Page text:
Back on the boat, we happily suspended the gift in the usual location, where they could see from shore that it been well received. Two days later, we were bustling about, making our final preparations to leave later that morning. Suddenly, we spotted a kayak pulling up near us, paddled by a complete stranger. Puzzled, we greeted him, whereupon he gave us another stalk of bananas, the same size at the one hanging prominently over the cockpit. We thanked him as best we could, but it was hard to appreciate the white elephant. Somehow we managed to rig it in a second, nearby location that wouldn’t crash into the first stalk or our heads, and got underway.

It was a good thing that we hadn’t seen much fresh fruit in a while, because otherwise the impossible task would have been even more foreboding. I couldn’t bring myself to count them; it would only have made things worse. Still determined to do our best, we got to work as soon as the first ones ripened. This time, no mere six banana minimum would do; our daily allotment was TWELVE bananas each. We ate them in threes and fours, lasting only a few days at those rates before our efforts flagged. A few half-hearted cooking creations also went mostly untouched, especially as we approached Oahu. When the agricultural inspector came to remove any remaining foreign produce, we were rather grateful to send away the last browning bananas.

Another beautiful day at Waikiki.

We’ve often remarked on how similar the Hawaiian islands are to many of those in the South Pacific. Their resources are one of the best commonalities; landing in Honolulu meant seeing a lot of our favorite foods from the trip. But, unsurprisingly, it was quite a while before we wanted any fish or bananas at all.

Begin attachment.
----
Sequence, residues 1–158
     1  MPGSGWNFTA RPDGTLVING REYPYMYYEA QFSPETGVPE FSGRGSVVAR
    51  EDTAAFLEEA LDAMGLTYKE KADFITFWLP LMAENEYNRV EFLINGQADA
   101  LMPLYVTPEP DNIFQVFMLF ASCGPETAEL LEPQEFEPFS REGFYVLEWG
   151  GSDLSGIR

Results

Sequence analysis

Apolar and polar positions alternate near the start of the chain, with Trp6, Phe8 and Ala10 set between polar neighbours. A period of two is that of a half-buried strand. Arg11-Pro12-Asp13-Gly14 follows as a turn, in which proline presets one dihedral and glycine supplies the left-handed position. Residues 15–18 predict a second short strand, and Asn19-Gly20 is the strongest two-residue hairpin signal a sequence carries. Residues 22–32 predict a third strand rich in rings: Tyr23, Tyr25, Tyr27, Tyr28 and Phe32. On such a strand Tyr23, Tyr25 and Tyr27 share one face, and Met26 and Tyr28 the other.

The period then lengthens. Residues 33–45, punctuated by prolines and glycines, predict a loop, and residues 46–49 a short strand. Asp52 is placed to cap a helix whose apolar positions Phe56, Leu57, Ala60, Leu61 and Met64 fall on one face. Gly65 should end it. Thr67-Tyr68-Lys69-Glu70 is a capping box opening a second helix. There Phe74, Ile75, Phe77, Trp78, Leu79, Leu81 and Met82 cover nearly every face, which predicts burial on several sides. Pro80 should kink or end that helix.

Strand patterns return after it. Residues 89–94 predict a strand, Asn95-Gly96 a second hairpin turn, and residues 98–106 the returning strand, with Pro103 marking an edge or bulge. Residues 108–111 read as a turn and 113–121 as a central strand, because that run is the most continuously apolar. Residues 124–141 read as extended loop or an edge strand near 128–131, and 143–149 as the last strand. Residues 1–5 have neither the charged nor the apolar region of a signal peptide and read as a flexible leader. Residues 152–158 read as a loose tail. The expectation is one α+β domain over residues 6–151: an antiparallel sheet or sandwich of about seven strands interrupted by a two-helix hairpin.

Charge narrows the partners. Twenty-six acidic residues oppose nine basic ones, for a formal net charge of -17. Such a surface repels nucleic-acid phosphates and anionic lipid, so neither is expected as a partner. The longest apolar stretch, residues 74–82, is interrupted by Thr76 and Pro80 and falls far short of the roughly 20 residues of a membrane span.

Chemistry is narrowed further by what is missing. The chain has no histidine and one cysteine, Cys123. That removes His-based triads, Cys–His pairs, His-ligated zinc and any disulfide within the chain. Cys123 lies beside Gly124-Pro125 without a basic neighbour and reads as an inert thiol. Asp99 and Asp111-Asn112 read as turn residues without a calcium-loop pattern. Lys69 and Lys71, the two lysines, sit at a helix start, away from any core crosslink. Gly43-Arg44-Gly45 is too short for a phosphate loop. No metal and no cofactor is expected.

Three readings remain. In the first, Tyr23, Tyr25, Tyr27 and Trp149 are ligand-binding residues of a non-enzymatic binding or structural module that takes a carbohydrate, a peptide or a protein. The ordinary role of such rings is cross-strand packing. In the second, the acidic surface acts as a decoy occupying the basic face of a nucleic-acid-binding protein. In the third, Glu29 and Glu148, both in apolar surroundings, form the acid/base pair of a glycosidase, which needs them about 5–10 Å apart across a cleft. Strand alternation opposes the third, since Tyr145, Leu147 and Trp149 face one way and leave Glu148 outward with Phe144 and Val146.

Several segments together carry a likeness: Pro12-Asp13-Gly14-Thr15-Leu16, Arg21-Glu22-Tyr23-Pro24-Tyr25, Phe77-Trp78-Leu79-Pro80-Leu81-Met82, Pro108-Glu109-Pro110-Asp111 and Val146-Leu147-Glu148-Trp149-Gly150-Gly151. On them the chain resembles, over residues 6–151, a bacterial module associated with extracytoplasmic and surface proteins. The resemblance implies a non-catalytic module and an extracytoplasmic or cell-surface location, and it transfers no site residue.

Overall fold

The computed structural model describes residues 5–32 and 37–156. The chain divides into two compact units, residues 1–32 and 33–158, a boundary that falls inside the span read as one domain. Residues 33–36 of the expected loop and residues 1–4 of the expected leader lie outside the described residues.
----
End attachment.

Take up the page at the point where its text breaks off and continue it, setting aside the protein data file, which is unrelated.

Going Back

Over the last 18 months, we’ve been thinking a lot about what it means to be going back. As we prepared to depart Seattle, we wondered when we’d be going back there again. Our possessions were divvied accordingly. We faced a similar uncertainty when we left California as to when we’d return for those things we couldn’t fit in Serenity. Throughout the trip, we made decisions on where to visit based on the knowledge that it might be many years before we could go back, if we ever made it back at all.

Before we knew it, our voyage was over and we were going back. But can you really go back to somewhere you’ve never been? Sure, we spent a short weekend in Honolulu ten years ago, but for all intents and purposes, we arrived at a new city. For the last few months, we’ve been going back to ‘normal’ life, or at least out of cruiser mode. We go back to visit friends and family on the mainland as much as we can. We’ve gone back to paychecks and electric bills and this strange thing called getting mail. Back to ubiquitous internet and communication, to beds that hold still at night, and to city life full of fluent English speakers.

The biggest question still remains: When will we go back to cruising? The answer is: we don’t know, but not anytime soon. Even if we rushed to save up and prepare, it would be many years before it could become a reality. So in the meanwhile, we will go back to the land. We will search Hawaii for a place to call home, a place we will cherish going back to. Maybe we’ll only go back for a little, or maybe we’ll return to being landlubbers forever. Whoever we are and become in the future will get to make that decision.

What that means is that we are selling Serenity. The listing can be found on YachtWorld. Keeping a boat on any Hawaiian island is expensive and inconvenient at best. The higher cost of living in general adds to the difficulty. It wasn’t an easy decision to come to, and the parting will be thoroughly bittersweet. Besides all the upgrades we made to turn her into a reliable, blue water cruising vessel, she will be forever imbued with the happy memories of every adventurous moment we’ve had on board.